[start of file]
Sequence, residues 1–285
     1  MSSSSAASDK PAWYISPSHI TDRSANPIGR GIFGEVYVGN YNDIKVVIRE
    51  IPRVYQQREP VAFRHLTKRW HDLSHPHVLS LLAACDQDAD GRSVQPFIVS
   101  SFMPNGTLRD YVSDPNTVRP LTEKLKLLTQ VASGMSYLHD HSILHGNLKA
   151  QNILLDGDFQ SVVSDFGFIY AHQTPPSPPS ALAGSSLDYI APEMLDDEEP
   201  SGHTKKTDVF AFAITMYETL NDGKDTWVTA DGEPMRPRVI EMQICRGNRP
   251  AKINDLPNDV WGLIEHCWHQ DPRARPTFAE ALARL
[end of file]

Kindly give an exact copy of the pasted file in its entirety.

Sequence, residues 1–285
     1  MSSSSAASDK PAWYISPSHI TDRSANPIGR GIFGEVYVGN YNDIKVVIRE
    51  IPRVYQQREP VAFRHLTKRW HDLSHPHVLS LLAACDQDAD GRSVQPFIVS
   101  SFMPNGTLRD YVSDPNTVRP LTEKLKLLTQ VASGMSYLHD HSILHGNLKA
   151  QNILLDGDFQ SVVSDFGFIY AHQTPPSPPS ALAGSSLDYI APEMLDDEEP
   201  SGHTKKTDVF AFAITMYETL NDGKDTWVTA DGEPMRPRVI EMQICRGNRP
   251  AKINDLPNDV WGLIEHCWHQ DPRARPTFAE ALARL